Results 1 to 7 of 7

Math Help - Finding an eigenvector of a symmetric matrix given another eigenvector

  1. #1
    Newbie
    Joined
    Jan 2011
    Posts
    16

    Finding an eigenvector of a symmetric matrix given another eigenvector

    Hi, I have the problem below and I don't know how to solve it... What property do symmetric matrices have that would allow me to solve it without any calculation? Thanks a lot!

    So here is the problem:

    Find an eigenvector for A (no calculation should be required: note that A is a symmetric matrix).

    A =
    [1, 1]
    [1, -5]

    and the eigenvector given is

    [2]
    [1]
    Follow Math Help Forum on Facebook and Google+

  2. #2
    MHF Contributor

    Joined
    Mar 2011
    From
    Tejas
    Posts
    3,274
    Thanks
    666
    (2,1) isn't an eigenvector. A(2,1) = (3,-3), which is not in span{(2,1)}. i am confused.
    Follow Math Help Forum on Facebook and Google+

  3. #3
    MHF Contributor FernandoRevilla's Avatar
    Joined
    Nov 2010
    From
    Madrid, Spain
    Posts
    2,162
    Thanks
    45
    Quote Originally Posted by mbmstudent View Post
    So here is the problem: Find an eigenvector for A (no calculation should be required: note that A is a symmetric matrix).

    A =
    [1, 1]
    [1, -5]

    and the eigenvector given is

    [2]
    [1]

    If the matrix is actually:


    A=\begin{bmatrix}{1}&{\;\;1}\\{1}&{-5}\end{bmatrix}

    then, its eigenvalues are \lambda=-2\pm \sqrt{10} so, perhaps Ramanujan could find the eigenvectors with no calculation.
    Follow Math Help Forum on Facebook and Google+

  4. #4
    Junior Member
    Joined
    Mar 2011
    Posts
    40
    Quote Originally Posted by mbmstudent View Post
    Hi, I have the problem below and I don't know how to solve it... What property do symmetric matrices have that would allow me to solve it without any calculation? Thanks a lot!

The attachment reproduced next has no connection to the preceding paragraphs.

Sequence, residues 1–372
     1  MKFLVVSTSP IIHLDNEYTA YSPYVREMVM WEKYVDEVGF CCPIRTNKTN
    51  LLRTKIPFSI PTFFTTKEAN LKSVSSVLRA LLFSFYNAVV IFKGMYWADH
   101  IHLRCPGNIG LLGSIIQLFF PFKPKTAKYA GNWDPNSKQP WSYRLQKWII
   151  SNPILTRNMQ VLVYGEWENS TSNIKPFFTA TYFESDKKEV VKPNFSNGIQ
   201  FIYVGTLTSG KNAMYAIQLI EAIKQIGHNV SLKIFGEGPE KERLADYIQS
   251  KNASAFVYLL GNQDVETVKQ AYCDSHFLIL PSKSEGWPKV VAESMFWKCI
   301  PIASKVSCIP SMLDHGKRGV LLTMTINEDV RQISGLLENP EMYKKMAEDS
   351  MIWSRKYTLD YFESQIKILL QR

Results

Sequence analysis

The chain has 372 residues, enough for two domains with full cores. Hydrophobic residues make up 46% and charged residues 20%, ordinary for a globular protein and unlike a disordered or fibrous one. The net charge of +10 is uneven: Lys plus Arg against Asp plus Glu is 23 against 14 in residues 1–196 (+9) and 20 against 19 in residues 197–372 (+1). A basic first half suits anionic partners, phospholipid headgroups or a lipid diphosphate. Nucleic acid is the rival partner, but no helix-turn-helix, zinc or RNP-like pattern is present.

So here is the problem:

    Find an eigenvector for A (no calculation should be required: note that A is a symmetric matrix).

    A =
    [1, 1]
    [1, -5]

    and the eigenvector given is

    [2]
    [1]
    For a symmetric matrix it is known that:
    eigenvectors corresponding to different eigenvalues are orthogonal.

    If A has two different eigenvalues and [2, 1] is one of its eigenvectors then [-1, 2] is another one. (because their inner or dot product equals 0)
    Follow Math Help Forum on Facebook and Google+

  5. #5
    MHF Contributor

    Joined
    Mar 2011
    From
    Tejas
    Posts
    3,274
    Thanks
    666
    Quote Originally Posted by FernandoRevilla View Post
    If the matrix is actually:


    A=\begin{bmatrix}{1}&{\;\;1}\\{1}&{-5}\end{bmatrix}

    then, its eigenvalues are \lambda=-2\pm \sqrt{10} so, perhaps Ramanujan could find the eigenvectors with no calculation.
    no he couldn't...he's dead.
    Follow Math Help Forum on Facebook and Google+

  6. #6
    MHF Contributor FernandoRevilla's Avatar
    Joined
    Nov 2010
    From
    Madrid, Spain
    Posts
    2,162
    Thanks
    45
    Quote Originally Posted by Deveno View Post
    no he couldn't...he's dead.

    Thanks for the information.
    Follow Math Help Forum on Facebook and Google+

  7. #7
    MHF Contributor

    Joined
    Mar 2011
    From
    Tejas
    Posts
    3,274
    Thanks
    666
    do i detect a note of sarcasm?

    in any case, the original problem as posed is ill-formed. i urge the original poster to check his input.
    Follow Math Help Forum on Facebook and Google+

Similar Math Help Forum Discussions

  1. Prove matrix A has same eigenvector as A^2
    Posted in the Advanced Algebra Forum
    Replies: 1
    Last Post: September 25th 2011, 05:04 AM
  2. Find out eigenvector of this matrix
    Posted in the Advanced Algebra Forum
    Replies: 2
    Last Post: May 1st 2011, 07:26 PM
  3. Proving Eigenvector of transpose matrix
    Posted in the Advanced Algebra Forum
    Replies: 2
    Last Post: November 15th 2010, 02:04 AM
  4. Finding the eigenvector
    Posted in the Advanced Algebra Forum
    Replies: 8
    Last Post: June 10th 2009, 10:42 PM
  5. Symmetric matrix eigenvalue and eigenvector
    Posted in the Advanced Algebra Forum
    Replies: 1
    Last Post: April 7th 2009, 09:44 PM

Search Tags


/mathhelpforum @mathhelpforum